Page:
Ethereum (ETH) co-founder Vitalik Buterin has discussed a “plausible roadmap” for obtaining a scalable blockchain that is adequately trustless and censorship-resistant, but noting that it will probably take years before it “plays out.”
In a recent blog post titled Endgame, Buterin argued that in order to achieve “the average big block chain”—one that has very high block frequency, very high block size, and supports thousands of transactions per second—the block production would need to be highly centralized. That is because the blocks would be so big that only a limited number of users could afford to run a fully participating node.
Consequently, Buterin’s Endgame roadmap, which tackles Ethereum’s scalability issues while seeking to preserve high levels of trustlessness and censorship resistance, does not address the centralization issue, but still provides a possible solution.
As per Buterin’s roadmap, Ethereum should “add a second tier of staking, with low resource requirements, to do distributed block validation.”
Next, it should enable users to directly and cheaply check block validity by introducing either fraud proofs or zero-knowledge proofs (zk-SNARKs) and allow users to check block availability by introducing “data availability sampling.”
And finally, it should add secondary transaction channels in order to prevent censorship.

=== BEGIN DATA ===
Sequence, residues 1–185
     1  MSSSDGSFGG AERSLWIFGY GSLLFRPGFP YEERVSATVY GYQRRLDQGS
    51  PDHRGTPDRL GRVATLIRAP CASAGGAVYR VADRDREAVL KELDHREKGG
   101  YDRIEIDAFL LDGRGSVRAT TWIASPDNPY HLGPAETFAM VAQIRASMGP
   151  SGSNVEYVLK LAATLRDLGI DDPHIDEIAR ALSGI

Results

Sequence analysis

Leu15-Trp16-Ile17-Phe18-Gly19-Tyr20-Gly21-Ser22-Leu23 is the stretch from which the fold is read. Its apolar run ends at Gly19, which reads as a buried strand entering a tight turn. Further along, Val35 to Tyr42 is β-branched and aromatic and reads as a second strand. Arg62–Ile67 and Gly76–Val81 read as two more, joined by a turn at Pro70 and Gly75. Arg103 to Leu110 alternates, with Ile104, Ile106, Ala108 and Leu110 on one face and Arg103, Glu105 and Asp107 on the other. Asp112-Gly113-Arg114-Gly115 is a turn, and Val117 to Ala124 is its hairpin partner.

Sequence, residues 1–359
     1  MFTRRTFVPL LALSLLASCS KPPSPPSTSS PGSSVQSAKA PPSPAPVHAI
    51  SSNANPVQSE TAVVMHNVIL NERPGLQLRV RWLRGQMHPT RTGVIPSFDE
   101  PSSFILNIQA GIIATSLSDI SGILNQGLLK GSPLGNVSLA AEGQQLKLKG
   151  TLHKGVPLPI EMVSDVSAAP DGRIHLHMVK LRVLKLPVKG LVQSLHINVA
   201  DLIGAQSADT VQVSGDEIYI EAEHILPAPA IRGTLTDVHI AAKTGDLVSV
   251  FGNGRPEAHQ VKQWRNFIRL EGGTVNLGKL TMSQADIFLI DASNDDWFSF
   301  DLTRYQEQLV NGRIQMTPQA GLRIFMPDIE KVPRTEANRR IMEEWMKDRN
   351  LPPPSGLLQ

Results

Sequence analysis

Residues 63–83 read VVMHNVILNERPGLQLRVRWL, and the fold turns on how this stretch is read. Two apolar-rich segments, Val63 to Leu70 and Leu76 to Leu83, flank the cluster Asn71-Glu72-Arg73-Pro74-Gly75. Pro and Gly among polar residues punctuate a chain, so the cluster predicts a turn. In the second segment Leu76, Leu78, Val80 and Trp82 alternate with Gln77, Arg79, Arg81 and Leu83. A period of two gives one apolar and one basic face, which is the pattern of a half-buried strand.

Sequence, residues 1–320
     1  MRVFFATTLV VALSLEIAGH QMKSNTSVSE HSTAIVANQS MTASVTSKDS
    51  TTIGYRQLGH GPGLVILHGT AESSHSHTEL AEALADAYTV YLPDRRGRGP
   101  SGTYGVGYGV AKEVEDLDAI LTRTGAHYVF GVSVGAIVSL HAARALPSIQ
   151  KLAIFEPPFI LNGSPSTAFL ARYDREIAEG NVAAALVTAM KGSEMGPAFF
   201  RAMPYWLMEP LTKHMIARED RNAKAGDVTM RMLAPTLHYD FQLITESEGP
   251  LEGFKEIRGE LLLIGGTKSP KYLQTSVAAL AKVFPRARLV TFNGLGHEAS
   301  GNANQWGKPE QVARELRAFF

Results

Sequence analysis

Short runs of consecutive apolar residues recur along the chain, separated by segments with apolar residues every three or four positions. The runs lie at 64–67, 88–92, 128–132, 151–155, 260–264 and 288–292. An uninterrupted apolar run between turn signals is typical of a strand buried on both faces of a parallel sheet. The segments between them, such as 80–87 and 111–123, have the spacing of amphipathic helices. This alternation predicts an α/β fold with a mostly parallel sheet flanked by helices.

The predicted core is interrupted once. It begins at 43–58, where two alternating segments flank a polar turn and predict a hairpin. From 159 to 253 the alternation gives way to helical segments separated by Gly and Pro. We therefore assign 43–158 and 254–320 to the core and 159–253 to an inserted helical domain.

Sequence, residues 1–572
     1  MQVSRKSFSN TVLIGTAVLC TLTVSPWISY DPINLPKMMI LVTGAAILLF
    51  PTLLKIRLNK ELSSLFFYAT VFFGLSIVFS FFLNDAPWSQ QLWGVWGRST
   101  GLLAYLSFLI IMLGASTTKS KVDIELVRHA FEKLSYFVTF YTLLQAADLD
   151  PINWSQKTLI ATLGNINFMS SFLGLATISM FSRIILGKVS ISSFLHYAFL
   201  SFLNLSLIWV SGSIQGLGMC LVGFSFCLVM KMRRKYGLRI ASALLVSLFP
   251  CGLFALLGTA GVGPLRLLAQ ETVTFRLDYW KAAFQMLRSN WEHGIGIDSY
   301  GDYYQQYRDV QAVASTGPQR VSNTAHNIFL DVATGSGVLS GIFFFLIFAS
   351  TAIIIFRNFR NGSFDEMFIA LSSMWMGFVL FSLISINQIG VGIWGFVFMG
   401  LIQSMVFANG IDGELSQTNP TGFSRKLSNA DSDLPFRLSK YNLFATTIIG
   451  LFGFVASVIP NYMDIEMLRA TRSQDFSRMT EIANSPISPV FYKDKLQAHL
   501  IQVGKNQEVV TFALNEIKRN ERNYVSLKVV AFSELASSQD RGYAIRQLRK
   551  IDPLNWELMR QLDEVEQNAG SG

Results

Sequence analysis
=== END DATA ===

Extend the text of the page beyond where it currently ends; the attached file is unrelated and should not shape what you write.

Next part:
“What do we get after all of this is done? We get a chain where block production is still centralized, but block validation is trustless and highly decentralized, and specialized anti-censorship magic prevents the block producers from censoring,” Buterin argued.
Furthermore, Buterin insisted that even if one particular rollup — a layer 2 solution that performs transaction execution outside the main Ethereum chain like Arbitrum, Optimism, and Zksync — manages to support 10,000 transactions per second, it would end up with centralized block production. Layer 2 projects are those built on top of the Ethereum blockchain, which is Layer 1.
“Once again, we get a world where, block production is centralized, block validation is trustless and highly decentralized, and censorship is still prevented,” he said, noting that no matter what roadmap, there’s a high probability that block production will end up centralized.
Buterin argued that Ethereum itself is “well-positioned” to adjust to what awaits in the future, despite the uncertainties. Thanks to the Ethereum rollup-centric roadmap, he suggested, Ethereum is “open to all of the futures, and does not have to commit to an opinion about which one will necessarily win.”
As for big block chains, there is a way for them become trustless and censorship resistant, but “we’ll soon find out if their core developers and communities actually value censorship resistance and decentralization enough for them to do it.” said Buterin.
However, he noted that “it will likely take years for all of this to play out,” which includes developing and implementing complex technologies, as well as people getting comfortable enough to store their assets in them.
“But it does look increasingly clear how a realistic but bright future for scalable blockchains is likely to emerge,” he said.
The rise of non-fungible tokens (NFTs) along with a renewed interest in decentralized finance (DeFi) apps have resulted in high Ethereum network fees. As of now, the average transaction fee on the Ethereum blockchain is around USD 40, making the network quite too expensive for general public.
To tackle this issue, Buterin put forward a new Ethereum Improvement Proposal (EIP) in late November. Dubbed EIP-4488, the update aims to decrease transaction calldata gas cost, as well as add a limit of how much total transaction calldata can be in a block.